The Senate passed President Biden’s $1.9 trillion coronavirus relief package Saturday, after an overnight “vote-a-rama” and a dramatic 12-hour unity battle to keep one centrist Democrat appease in order to prevent any derailments passing their liberal agenda.
The final vote was 50-49 along party lines, with not one Republican backing the bill in the Senate, underscoring the sharp deeply partisan divide Biden promised to heal.
Senate Minority Leader Mitch McConnell (R-KY) blasted Democrats ahead of the final vote for taking a partisan approach in slamming the measure without any Republican input.
“The Senate has never spent $2 trillion in a more haphazard or less rigorous way,” McConnell said shortly before the final vote proceeded. “Democrats inherited a tide that is already turning.”
The $1.9 trillion package dubbed the American Rescue Plan provides direct payments of up to $1,400 to most Americans and extends emergency unemployment benefits for an additional week until Labor Day, but reduces the weekly jobless benefit amount back to $300, from the original $400 proposed in the House bill. It also adds new funding into COVID vaccine distribution and testing, rental assistance for struggling households, expansion of the child tax credit for one year, and $128 billion for schools reopening, with only 5 percent being devoted to the 2021 fiscal year.
The far-reaching measure cost nearly one-tenth the size of the entire U.S. economy. Non-COVID provisions in the package devotes $45 billion for Obamacare, one of the major deficit estimated to impact the economy by adding to the deficit, as well as $50 million in environmental justice grants; $270 million for Arts and Humanities national endowment programs; $570 million of 15 weeks of paid leave for federal employees who were apparently exposed to COVID; $200 million for the Institute of Museums and library services and $10 million to preserve and maintenance of “Native American languages.”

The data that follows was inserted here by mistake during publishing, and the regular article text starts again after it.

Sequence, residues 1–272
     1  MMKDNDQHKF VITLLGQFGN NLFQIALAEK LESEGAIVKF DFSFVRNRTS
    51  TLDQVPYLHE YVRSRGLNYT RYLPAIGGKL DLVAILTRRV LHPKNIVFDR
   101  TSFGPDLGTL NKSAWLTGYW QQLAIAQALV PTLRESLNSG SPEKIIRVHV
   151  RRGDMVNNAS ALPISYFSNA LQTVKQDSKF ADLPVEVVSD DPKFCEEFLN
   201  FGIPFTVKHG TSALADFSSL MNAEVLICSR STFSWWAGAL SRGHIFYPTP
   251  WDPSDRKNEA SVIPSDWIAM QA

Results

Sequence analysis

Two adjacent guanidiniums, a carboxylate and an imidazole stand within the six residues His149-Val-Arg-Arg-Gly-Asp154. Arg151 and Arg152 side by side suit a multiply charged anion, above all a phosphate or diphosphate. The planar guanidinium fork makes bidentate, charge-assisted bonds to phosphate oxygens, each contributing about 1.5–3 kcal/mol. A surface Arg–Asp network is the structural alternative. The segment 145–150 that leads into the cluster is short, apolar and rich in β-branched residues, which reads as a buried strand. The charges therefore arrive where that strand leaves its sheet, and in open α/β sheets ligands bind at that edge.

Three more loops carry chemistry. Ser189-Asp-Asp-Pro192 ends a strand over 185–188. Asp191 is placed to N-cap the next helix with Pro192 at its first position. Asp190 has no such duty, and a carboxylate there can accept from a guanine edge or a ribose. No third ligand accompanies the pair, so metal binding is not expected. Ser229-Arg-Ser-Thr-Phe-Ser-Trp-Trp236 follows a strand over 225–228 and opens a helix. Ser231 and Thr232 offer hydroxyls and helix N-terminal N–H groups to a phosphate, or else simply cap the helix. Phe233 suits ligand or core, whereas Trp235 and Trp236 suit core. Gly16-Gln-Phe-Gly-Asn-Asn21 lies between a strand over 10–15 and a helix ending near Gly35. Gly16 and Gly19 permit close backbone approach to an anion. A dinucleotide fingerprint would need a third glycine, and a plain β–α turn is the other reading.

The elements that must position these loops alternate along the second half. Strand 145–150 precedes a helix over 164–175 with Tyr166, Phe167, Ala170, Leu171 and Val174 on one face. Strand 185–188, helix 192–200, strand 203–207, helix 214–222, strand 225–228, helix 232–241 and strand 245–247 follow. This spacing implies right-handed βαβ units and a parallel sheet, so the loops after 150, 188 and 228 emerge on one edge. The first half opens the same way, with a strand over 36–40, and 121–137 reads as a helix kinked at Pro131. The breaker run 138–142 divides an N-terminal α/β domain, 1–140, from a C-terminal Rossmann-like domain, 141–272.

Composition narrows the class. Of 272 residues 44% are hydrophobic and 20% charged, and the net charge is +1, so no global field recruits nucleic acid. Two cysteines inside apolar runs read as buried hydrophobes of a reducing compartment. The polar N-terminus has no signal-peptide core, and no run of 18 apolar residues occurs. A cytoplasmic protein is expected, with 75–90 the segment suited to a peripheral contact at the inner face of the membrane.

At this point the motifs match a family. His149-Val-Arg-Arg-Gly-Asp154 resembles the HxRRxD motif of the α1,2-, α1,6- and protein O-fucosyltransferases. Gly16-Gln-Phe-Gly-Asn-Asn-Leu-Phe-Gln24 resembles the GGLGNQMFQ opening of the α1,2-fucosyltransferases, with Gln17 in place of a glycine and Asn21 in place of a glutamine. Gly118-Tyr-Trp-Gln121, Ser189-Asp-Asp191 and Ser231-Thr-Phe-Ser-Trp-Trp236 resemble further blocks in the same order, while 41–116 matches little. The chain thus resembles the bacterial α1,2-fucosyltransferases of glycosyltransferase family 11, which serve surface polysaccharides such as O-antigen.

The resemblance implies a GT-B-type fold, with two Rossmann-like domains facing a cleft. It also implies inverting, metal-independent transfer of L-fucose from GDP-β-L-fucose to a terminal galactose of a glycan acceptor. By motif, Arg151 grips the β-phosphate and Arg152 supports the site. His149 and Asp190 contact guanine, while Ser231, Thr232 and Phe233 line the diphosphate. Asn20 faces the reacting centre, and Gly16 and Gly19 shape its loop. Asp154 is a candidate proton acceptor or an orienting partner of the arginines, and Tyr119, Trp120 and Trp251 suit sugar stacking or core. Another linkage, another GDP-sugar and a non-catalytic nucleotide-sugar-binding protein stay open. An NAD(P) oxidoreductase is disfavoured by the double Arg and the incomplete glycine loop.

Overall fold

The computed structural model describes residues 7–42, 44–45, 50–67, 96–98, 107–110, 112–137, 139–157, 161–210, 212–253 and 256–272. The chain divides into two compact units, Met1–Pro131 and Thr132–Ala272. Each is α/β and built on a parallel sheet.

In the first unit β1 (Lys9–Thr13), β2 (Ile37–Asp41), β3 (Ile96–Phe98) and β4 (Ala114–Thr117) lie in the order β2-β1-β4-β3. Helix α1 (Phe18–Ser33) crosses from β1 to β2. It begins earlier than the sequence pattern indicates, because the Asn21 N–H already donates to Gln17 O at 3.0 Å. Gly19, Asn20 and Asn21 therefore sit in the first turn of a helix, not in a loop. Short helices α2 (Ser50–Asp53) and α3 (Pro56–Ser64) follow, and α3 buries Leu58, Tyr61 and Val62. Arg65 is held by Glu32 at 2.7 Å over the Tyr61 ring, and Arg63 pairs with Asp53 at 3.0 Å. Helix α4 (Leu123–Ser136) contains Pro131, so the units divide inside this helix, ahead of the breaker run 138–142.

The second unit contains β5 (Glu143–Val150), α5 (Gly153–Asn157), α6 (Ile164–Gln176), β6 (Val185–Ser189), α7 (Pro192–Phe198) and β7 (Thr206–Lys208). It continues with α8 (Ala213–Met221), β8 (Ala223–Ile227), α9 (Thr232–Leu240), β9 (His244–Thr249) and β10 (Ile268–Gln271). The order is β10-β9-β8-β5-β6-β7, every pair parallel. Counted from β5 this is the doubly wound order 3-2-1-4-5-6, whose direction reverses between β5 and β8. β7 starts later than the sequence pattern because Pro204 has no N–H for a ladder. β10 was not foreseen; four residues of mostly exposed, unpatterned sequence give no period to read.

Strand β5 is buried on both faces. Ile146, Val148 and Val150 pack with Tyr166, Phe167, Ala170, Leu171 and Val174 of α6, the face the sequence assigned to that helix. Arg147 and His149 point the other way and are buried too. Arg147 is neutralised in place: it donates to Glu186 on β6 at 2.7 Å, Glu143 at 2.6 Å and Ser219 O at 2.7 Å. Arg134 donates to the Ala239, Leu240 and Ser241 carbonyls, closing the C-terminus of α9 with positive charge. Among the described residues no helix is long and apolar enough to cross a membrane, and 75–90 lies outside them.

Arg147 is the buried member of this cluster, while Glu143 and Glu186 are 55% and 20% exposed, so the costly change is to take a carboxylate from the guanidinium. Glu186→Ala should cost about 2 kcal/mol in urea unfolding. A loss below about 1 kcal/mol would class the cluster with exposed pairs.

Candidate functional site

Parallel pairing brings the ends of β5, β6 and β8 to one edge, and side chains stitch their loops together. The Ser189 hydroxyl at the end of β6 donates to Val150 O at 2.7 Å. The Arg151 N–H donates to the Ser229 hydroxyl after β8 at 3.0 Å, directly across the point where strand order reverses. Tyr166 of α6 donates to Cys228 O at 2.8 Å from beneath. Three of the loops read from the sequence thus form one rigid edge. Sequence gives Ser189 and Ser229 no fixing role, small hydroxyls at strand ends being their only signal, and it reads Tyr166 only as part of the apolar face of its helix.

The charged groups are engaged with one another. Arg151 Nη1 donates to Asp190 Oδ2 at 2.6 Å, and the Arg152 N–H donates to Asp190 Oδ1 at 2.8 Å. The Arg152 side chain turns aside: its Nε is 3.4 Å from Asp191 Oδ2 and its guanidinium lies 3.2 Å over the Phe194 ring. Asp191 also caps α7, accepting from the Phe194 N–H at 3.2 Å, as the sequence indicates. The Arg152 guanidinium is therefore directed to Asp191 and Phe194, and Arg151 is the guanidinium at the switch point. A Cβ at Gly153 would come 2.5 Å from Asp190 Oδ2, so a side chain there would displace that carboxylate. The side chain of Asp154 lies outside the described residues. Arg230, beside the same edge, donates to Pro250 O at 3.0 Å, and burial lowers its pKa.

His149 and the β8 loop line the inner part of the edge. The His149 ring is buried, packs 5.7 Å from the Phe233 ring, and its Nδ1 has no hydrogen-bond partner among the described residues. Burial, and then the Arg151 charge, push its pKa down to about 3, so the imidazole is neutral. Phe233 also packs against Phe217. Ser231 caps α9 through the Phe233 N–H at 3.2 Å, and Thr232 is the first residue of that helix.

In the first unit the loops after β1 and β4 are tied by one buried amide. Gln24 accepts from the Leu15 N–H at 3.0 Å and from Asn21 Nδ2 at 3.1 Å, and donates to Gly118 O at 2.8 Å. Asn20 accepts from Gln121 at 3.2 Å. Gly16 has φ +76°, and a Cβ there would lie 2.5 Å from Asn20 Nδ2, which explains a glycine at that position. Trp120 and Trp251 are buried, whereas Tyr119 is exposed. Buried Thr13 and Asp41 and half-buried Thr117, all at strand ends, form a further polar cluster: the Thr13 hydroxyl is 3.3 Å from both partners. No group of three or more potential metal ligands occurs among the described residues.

Biden’s $1.9 trillion relief package was able to pass through budget reconciliation, forgoing the 60 votes needed by being able to pass with only 51 votes. One measure of the reconciliation process allows for lawmakers to include amendments if voted in to be added to the legislation to amend the package. This process led to the Senate to commence in a dreaded “vote-a-rama” — a continuous series of votes on amendments just shortly before midnight Friday.
Senate Republicans introduced nearly 30 amendments during the late-night session that Democrats shot down nearly all by their slim majority. Vice President Kamala Harris was not needed to cast the tie-breaking vote due to one GOP Senator being absent, Sen. Dan Sullivan of Alaska who had a family emergency.
Republican amendments included, Sen. Marco Rubio (R-FL) motion to tie school funding to reopening requirements. Sen. Tim Scott (R-FL) advocating for transparency for state nursing home investigations following the scandal in New York and Michigan. Sen. Ted Cruz (R-FL) amendment included preventing granting illegal immigrants a $1,400 stimulus check and Sen. Mitt Romney (R-UT) proposed slimming down the $350 billion proposal for states bail-out noting that most states had better-than-expected revenues despite the pandemic and actually ran a big surplus.